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Time needed: 30 minutes
Scientists study nature to better understand how it works. They use what they learn to create solutions that help people, animals, and the environment. Scientists use a process called the scientific method to solve problems and learn new things.
One of the first steps of the scientific method is observation. Observation is watching and noticing something using all your senses, especially sight. It’s the start of every experiment and scientific discovery.
To get started, find a sibling, parent, or family member to be your partner.
Part 1: Play “I Spy”
Start by playing a few rounds of I Spy with your partner. Choose an object in the room (or outside) and say, “I spy with my little eye something that is [color].” Then ask your partner to guess the object.
After you play each round, brainstorm what other clues you could have given them to guess each object, apart from its color. For example, you could have shared how big or small it is or what shape it is.
Part 2: Learn about observation and the five senses.
When we play I Spy, we use our eyes to observe an object's color, shape, size, or other characteristics. Observation is looking at something carefully and thinking about what you see. These clues, our observations, help us learn something! Every clue you gave in I Spy is an observation of something you saw, but you can use all your senses to observe.
Now it’s time to name your five senses! Stand up and point to the body part you use to:
Did you point to your eyes to help you see? Your fingers to touch? Ears to hear? Mouth to taste? Nose to smell? All our senses give us different kinds of information. Even if one of your senses isn't as strong as the others, you can still use it to learn a lot about the world!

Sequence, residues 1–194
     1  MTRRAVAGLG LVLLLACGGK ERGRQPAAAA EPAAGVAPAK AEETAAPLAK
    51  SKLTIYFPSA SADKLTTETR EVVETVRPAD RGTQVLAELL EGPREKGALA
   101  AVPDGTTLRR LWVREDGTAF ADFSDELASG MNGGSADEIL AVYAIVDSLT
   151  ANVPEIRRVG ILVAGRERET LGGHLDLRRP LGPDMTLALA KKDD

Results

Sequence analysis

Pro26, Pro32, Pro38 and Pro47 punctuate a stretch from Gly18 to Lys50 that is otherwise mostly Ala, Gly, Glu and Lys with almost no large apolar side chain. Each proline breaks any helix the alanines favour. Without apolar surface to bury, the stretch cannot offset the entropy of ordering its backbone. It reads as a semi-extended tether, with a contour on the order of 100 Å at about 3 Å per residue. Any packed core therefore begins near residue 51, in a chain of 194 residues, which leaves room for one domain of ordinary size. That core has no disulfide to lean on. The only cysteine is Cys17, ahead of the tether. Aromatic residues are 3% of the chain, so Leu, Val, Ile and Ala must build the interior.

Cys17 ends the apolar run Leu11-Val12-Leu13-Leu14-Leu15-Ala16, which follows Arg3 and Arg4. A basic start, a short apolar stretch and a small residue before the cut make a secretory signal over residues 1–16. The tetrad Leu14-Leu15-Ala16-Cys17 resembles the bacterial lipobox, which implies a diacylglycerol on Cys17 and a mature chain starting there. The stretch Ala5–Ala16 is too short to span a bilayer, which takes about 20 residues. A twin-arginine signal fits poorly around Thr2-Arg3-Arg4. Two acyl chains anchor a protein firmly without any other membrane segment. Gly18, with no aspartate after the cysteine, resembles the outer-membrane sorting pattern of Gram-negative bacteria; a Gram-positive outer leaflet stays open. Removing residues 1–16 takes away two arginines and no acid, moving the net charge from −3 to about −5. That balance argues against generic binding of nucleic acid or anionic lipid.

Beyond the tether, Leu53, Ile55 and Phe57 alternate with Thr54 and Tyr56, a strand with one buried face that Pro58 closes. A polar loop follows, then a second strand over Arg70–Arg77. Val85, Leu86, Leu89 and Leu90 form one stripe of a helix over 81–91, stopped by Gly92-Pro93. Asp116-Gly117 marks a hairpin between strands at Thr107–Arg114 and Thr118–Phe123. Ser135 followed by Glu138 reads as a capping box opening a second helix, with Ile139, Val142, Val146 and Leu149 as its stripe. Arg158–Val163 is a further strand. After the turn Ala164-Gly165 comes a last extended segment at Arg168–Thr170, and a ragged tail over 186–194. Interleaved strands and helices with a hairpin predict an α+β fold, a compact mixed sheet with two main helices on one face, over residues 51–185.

Part 3: Experience how different animals observe the world.
Sometimes we're surprised at what we learn if we look at the world in a different way.
For the next part of the activity, act out what it’s like to observe the world as different types of animals!
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First pretend you’re an ant. How do you see the world? What do you observe? You might need to get down very low and pretend you're tiny!
What if you were a bird? You’d be able to fly high above the ground. What would you see when you’re flying? What would you see if you were perched on a branch or in your nest?
Finally think of two or three other animals, like a cat, giraffe, or snake. How do they observe the world? Act out what it’s like to be each animal and describe what you’re observing!
Each of these animals observes the world in a very different way. They use their senses to gather information that helps them find food or a place to sleep.
And that’s it! The next time you’re observing something, remember to look at the object from different angles. Go close and look for the tiny details. Then step back and think about how the object you're observing fits into everything around it; this will help you learn something new about your world.